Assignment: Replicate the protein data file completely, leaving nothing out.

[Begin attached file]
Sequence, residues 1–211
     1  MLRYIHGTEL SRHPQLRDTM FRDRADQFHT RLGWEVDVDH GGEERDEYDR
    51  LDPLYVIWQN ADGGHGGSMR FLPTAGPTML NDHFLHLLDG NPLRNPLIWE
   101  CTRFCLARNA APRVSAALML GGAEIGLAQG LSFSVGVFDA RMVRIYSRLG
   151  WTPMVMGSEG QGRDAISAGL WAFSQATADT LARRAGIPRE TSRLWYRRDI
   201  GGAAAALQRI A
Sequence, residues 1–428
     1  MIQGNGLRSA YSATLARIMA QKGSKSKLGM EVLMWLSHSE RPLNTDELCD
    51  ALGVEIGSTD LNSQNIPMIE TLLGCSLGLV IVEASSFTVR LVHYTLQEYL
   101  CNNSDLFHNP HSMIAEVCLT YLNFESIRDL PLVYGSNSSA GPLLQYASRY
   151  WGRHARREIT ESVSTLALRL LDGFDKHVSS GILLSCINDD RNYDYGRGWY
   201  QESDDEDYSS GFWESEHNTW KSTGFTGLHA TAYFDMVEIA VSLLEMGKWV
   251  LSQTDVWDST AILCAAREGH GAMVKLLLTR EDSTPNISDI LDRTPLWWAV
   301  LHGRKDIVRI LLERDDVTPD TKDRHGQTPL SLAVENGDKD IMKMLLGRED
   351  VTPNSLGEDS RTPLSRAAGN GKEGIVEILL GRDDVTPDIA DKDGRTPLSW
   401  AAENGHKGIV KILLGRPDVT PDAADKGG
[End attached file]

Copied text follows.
Sequence, residues 1–211
     1  MLRYIHGTEL SRHPQLRDTM FRDRADQFHT RLGWEVDVDH GGEERDEYDR
    51  LDPLYVIWQN ADGGHGGSMR FLPTAGPTML NDHFLHLLDG NPLRNPLIWE
   101  CTRFCLARNA APRVSAALML GGAEIGLAQG LSFSVGVFDA RMVRIYSRLG
   151  WTPMVMGSEG QGRDAISAGL WAFSQATADT LARRAGIPRE TSRLWYRRDI
   201  GGAAAALQRI A
Sequence, residues 1–428
     1  MIQGNGLRSA YSATLARIMA QKGSKSKLGM EVLMWLSHSE RPLNTDELCD
    51  ALGVEIGSTD LNSQNIPMIE TLLGCSLGLV IVEASSFTVR LVHYTLQEYL
   101  CNNSDLFHNP HSMIAEVCLT YLNFESIRDL PLVYGSNSSA GPLLQYASRY
   151  WGRHARREIT ESVSTLALRL LDGFDKHVSS GILLSCINDD RNYDYGRGWY
   201  QESDDEDYSS GFWESEHNTW KSTGFTGLHA TAYFDMVEIA VSLLEMGKWV
   251  LSQTDVWDST AILCAAREGH GAMVKLLLTR EDSTPNISDI LDRTPLWWAV
   301  LHGRKDIVRI LLERDDVTPD TKDRHGQTPL SLAVENGDKD IMKMLLGRED
   351  VTPNSLGEDS RTPLSRAAGN GKEGIVEILL GRDDVTPDIA DKDGRTPLSW
   401  AAENGHKGIV KILLGRPDVT PDAADKGG